Leverage detailed supplier information

eSourcing improves transparency between buyers and suppliers. By using a portal, teams can view all tender opportunities from a supplier, including deadlines, status, and other key information.

Bolster compliance

Since all procurement-related documents are stored in one place, auditing is made simpler - as is compliance with regulatory procedures - with a system transparently displaying how and why a supplier was selected.

Types of eSourcing tools


Based on a survey by the Construction Marketing Association, 29% of professionals in the construction industry don’t believe their Request for Quotation processes are effective1. Other industries face a similar challenge.

An electronic request for quotation (eRFQ) system can help a business keep track of its quotes and create simplified communication channels with vendors.

1 Construction Marketing Association. 2014, Construction RFP/RFQ Effectiveness & Best Practice, constructionmarketingassociation.org.


eAuctions, or electronic auctions, can come in several varieties. For example, a reverse auction allows many sellers to compete for a buyer’s business. The buyer sees all offers and chooses the one they prefer.

Other electronic auctions feature an auctioneer announcing bids as they come in. Some auctions start at a high price and power incrementally until buyers accept the price.

The value of eAuctions is that they give procurement teams competitive pricing while saving time because suppliers can work up only partial proposals.

Suppliers can benefit from eAuctions, too, because they are open and allow smaller businesses to compete against their larger competitors.


This acronym stands for electronic request for [x]. The x can be a proposal, quotation, information, or tender.

All of these refer to a similar activity – a buyer requesting information from suppliers for evaluation and comparison.

When structured effectively, eRFX software can help a business compare apples to apples when examining offerings from multiple vendors.

Best practices of eSourcing within eProcurement

Be comprehensive in your specifications

An online platform to advertise your sourcing needs is only part of the solution. You must provide detailed specifications on your needs by being clear, concise, and direct.

More information can be needed to speed up responses or improve the quality of bids. Suppliers benefit from clear needs statements because it allows them to find business opportunities that fit their specific strengths.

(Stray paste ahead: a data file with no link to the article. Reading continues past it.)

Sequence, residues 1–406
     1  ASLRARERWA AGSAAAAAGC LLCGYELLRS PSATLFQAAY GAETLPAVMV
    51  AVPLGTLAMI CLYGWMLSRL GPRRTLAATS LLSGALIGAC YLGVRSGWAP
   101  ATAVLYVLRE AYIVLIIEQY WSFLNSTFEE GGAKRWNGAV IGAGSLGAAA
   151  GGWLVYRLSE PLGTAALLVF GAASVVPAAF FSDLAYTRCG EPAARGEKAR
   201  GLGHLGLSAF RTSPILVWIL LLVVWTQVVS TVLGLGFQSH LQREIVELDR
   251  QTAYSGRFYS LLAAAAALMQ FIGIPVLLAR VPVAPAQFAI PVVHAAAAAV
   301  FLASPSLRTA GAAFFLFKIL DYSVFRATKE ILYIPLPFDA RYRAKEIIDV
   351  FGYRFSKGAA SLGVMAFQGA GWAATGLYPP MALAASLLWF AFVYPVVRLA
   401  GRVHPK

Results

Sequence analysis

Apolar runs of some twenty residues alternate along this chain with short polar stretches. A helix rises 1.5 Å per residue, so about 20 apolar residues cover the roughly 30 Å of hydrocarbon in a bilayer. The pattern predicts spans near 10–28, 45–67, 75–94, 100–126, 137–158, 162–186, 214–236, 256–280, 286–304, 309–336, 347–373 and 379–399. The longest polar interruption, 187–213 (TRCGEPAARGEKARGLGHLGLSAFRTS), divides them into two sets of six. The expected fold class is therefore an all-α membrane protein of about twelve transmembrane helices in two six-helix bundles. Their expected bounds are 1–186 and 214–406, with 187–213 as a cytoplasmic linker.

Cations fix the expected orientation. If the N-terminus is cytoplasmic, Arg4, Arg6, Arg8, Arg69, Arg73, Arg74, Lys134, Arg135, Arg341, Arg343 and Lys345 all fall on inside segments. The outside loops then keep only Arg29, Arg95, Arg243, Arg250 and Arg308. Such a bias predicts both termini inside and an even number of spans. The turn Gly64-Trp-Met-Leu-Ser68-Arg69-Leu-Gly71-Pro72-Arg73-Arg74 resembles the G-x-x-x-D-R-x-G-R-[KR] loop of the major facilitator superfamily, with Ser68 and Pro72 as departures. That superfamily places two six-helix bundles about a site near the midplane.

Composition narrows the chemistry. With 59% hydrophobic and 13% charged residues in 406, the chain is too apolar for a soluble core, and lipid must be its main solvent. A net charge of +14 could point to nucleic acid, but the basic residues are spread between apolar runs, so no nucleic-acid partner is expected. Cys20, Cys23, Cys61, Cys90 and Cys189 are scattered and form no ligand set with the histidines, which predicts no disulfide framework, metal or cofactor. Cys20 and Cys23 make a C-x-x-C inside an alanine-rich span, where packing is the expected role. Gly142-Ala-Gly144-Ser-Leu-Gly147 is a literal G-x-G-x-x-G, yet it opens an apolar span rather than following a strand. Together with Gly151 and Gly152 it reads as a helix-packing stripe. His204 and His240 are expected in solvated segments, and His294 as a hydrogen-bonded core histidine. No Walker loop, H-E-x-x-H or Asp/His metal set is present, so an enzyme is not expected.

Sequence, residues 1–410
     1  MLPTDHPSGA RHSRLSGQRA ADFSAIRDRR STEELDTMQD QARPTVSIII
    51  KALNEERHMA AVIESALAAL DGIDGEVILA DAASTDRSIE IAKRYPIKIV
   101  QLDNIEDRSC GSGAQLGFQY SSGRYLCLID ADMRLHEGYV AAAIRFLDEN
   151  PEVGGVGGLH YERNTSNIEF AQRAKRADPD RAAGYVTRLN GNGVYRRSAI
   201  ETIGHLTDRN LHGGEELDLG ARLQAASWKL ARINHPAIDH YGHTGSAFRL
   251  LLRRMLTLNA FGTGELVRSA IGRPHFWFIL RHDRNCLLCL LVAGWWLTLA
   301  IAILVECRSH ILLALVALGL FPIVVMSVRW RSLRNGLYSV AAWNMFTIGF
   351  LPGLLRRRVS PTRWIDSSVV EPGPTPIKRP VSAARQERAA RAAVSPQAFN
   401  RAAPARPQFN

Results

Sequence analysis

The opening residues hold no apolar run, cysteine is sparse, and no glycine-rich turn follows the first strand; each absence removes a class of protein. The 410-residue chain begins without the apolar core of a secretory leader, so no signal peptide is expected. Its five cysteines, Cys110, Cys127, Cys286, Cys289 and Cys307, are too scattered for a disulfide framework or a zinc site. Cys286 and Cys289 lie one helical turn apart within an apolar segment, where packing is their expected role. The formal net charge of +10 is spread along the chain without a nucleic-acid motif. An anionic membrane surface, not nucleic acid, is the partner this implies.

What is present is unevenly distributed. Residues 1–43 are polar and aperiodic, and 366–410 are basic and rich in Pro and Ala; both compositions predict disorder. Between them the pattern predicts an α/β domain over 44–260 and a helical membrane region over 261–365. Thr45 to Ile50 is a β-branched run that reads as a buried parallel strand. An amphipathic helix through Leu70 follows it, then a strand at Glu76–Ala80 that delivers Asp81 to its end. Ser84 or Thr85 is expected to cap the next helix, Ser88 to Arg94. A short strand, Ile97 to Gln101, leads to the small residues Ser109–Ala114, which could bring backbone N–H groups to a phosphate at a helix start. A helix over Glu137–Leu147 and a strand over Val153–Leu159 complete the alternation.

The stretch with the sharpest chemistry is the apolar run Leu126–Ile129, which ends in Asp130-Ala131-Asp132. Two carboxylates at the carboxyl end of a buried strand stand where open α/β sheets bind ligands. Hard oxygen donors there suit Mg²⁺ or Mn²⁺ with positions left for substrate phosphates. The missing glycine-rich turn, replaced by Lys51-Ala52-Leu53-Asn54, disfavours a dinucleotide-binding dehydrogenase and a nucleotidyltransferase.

Be strategic

Know how to use eSourcing software effectively. There may be better sourcing methods in some situations.

Highly customized products and services may need to mesh better in an eSourcing environment. However, raw materials and manufactured components may be obtained at considerable savings when using eSourcing.

eSourcing Health Check

Get more from your eSourcing systems by following our eProcurement health check.

Frequently asked questions about eSourcing

eSourcing is a collection of digital tools that helps to streamline and simplify the procurement process. A procurement team can obtain and compare bids on products from suppliers and vendors from a single online portal.

Some of the different types of eSourcing tools include:

  • eAuctions – Electronic auctions that allow multiple open bidding on a buyer’s requests without needing to submit a full proposal
  • eRFQs – Electronic requests for quotations announce a company’s desire to get pricing from suppliers for comparison purposes
  • eRFIs – Electronic requests for information is an information gathering tool that may seek to identify differences among vendors, establish business needs, or ask specific questions of vendors before a request for quotation

Businesses can realize improved supplier management by implementing eSourcing software. It reduces costs, saves time, maximizes efficiency, and provides detailed information on suppliers so a company can fully evaluate its supply chain partners.

Some barriers to effective eSourcing implementation may be:

  • Supplier cooperation – Vendors must agree to use an online portal that a business enacts. Have conversations with partners before starting the implementation process.
  • Complexity – A system may be too complex for procurement teams to use effectively. Choose a system with intuitive controls and a common interface across multiple modules.
  • Cybersecurity – Digital systems are easier for hackers to access than paper-based systems. Choose a security-oriented system that features password protection and user authorization levels. Take steps to train personnel on good cyber practices.